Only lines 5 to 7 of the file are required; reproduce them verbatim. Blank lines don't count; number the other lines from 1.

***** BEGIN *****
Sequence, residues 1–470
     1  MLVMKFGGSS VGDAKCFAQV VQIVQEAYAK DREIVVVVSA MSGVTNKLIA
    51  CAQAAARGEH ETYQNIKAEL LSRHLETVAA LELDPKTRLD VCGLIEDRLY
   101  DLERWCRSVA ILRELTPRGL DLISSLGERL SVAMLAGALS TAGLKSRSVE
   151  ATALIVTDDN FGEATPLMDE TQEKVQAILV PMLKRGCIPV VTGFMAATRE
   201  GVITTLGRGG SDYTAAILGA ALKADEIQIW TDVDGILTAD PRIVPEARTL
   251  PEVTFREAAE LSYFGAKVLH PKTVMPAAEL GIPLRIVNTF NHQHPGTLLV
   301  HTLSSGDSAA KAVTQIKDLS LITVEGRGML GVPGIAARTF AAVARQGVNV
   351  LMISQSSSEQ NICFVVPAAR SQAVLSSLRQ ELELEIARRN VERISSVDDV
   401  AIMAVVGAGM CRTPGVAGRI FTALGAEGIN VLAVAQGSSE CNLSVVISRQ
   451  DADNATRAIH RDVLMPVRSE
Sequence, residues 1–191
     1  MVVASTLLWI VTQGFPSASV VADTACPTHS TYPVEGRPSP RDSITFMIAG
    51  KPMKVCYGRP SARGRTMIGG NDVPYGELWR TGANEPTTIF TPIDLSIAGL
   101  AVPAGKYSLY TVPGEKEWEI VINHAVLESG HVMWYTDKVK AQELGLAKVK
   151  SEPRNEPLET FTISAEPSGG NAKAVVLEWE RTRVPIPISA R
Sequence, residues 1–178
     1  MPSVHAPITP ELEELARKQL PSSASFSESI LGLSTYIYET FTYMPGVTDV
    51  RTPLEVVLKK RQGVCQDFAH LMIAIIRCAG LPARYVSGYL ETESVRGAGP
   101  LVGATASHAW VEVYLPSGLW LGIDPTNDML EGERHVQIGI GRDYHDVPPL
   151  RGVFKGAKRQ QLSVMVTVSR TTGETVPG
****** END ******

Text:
   151  ATALIVTDDN FGEATPLMDE TQEKVQAILV PMLKRGCIPV VTGFMAATRE
   201  GVITTLGRGG SDYTAAILGA ALKADEIQIW TDVDGILTAD PRIVPEARTL
   251  PEVTFREAAE LSYFGAKVLH PKTVMPAAEL GIPLRIVNTF NHQHPGTLLV